Star Wars: Jedi Challenges Review – Lenovo’s Augmented Reality Game

Released in late fall, Star Wars: Jedi Challenges is a new augmented reality (AR) game experience from Lenovo. If you’re a Star Wars fan you’ve probably dreamed about taking up a lightsaber to fight battle droids or stormtroopers and duel an evil Sith Lord. Jedi Challenges brings fans a whole lot closer to experiencing that in “real life.”

For many, the familiar form of AR involves watching your smartphone screen while an app layers additional images onto the real world view displayed through the camera. The Pokémon Go app craze made this kind of AR a household name. Lucasfilm’s Star Wars app launched the Find the Force AR scavenger hunt as part of Force Friday II back in September.

Jedi Challenges takes AR well beyond a handheld screen. With the Jedi Challenges app activated, your smartphone slots into a headset. The combination of the app’s 3D visual renderings and mirrors in the headset, combined with a tracking beacon you place on the floor, then creates full-size holograms and life-size characters you encounter in the game. Unlike virtual reality (VR) that fully blocks out the real world around you, though, Jedi Challenges remains in the realm of AR. While playing the game in my living room, for instance, the furniture and framed art on the walls remained faintly visible behind the holograms in the game. This is helpful to avoid inadvertent collisions with objects around you – dodging Kylo Ren’s lightsaber is a good thing, but not if you crash into your bookcase in the process – and makes for the fun illusion of having a holochess table in your house. The AR holograms in the game are vivid and interesting enough, though, that most of the time I found that I didn’t even notice the artifacts of the real world in the background.

The most elaborate game mode in Jedi Challenges is the Trials of Combat, which presents increasingly difficult lightsaber opponents. The trials unfold by unlocking progress on a galactic map: beginning on Naboo at the time of The Phantom Menace, then Garel and Lothal from Star Wars Rebels, followed by Hoth during The Empire Strikes Back and Takodana from The Force Awakens, and concluding with the Jedi Temple on Coruscant. Each planet’s trial has three rounds. After successfully progressing through all six planets, players unlock second and third levels, which present similar opponents and scenarios in each round but with much more difficulty to make it through the rounds without succumbing to the onslaught. In the first two rounds your opponents are various types of enemy soldiers, from battle droids and droidekas to stormtroopers and snowtroopers. Defeating them principally involves deflecting and redirecting blaster fire and an occasional Force push or other power.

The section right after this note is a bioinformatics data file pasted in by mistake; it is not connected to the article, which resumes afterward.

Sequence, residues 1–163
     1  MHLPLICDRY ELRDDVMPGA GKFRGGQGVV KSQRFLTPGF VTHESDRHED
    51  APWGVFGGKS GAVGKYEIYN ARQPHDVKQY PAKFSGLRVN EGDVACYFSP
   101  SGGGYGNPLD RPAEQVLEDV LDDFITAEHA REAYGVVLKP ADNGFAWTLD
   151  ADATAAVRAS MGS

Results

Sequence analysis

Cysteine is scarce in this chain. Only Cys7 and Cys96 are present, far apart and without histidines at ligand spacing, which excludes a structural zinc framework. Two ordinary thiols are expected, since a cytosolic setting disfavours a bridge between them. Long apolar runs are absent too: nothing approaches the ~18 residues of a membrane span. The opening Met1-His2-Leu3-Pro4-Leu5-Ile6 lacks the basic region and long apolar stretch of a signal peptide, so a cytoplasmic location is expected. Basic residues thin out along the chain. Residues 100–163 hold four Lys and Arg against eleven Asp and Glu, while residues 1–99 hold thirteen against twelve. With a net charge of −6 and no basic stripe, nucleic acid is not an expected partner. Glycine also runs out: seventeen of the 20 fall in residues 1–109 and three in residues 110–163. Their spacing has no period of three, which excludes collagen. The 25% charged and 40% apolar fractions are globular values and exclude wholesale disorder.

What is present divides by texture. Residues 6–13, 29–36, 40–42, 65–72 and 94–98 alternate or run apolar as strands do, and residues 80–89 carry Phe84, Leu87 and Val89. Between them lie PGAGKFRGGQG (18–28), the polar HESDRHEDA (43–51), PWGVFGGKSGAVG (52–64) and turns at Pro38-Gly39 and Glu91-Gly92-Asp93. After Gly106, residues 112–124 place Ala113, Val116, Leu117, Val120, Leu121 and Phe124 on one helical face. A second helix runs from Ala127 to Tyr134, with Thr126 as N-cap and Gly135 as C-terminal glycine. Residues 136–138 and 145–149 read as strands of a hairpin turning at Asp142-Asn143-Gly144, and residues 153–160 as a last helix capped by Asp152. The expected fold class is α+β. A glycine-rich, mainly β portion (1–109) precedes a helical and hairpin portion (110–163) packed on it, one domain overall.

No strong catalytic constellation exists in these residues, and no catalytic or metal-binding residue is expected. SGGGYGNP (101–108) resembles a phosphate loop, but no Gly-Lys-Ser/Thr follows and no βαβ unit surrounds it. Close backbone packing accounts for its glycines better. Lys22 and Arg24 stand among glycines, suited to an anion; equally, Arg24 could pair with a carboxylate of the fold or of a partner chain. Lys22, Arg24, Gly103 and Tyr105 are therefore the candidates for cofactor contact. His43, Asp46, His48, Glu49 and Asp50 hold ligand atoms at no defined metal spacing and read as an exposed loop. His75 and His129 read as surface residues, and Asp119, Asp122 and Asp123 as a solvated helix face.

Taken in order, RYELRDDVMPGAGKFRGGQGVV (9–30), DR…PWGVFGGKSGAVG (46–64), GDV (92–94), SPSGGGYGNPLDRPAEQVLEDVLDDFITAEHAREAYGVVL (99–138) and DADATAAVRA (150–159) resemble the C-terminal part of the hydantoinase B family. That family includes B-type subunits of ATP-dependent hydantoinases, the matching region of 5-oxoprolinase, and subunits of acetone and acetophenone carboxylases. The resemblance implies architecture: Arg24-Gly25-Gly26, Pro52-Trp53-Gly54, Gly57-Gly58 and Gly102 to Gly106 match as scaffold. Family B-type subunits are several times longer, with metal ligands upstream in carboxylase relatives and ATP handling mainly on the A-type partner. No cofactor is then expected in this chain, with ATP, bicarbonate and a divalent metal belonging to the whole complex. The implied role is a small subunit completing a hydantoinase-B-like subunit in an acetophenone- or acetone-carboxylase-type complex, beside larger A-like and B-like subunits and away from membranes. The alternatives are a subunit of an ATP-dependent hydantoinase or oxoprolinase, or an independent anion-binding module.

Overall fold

The third round on each planet is a lightsaber adversary: Darth Maul, the Seventh Sister and the Grand Inquisitor, Darth Vader and Kylo Ren, and the Jedi Archivist, respectively. Each duelist has a very different fighting style, requiring you to adjust your defensive and offensive strategies to survive and prevail. The Seventh Sister, for example, is fast and agile, requiring you to adjust your blade quite swiftly to successfully block her strikes. Darth Vader, on the other hand, fights like he does in the Original Trilogy: slow and lumbering, with vicious strokes that are easier to dodge but also significantly more damaging if they hit you, and he is able to absorb considerably more damage to himself before defeat. Moreover, your opponents’ attacks do not follow the same pattern every time, so prevailing against them is not as simple as memorizing a series of lightsaber moves.

Success in the Trials of Combat does not come easily, but paying careful attention to each duelist’s style, tactics, and strengths and weaknesses provides the clues to developing a winning strategy against them. In addition, completing the level for a planet unlocks a new Force power. As powers are unlocked, the player has more options to fill the three Force power slots that are available for modification before each attempted round. Insightful selection of these powers can make a big difference, especially in the duels. Force push, for instance, is basically useless against Darth Vader but is much more effective against the Seventh Sister; a power that recharges the player for successful blocks is very valuable against the rapid attacks from the Grand Inquisitor’s fencing style, but less helpful when dealing with Kylo Ren’s heavier slashes. In Jedi Challenges, winning a lightsaber fight is not about brute attacks or mindlessly swinging the blade, but learning how to defeat each round’s different dangers in their own way.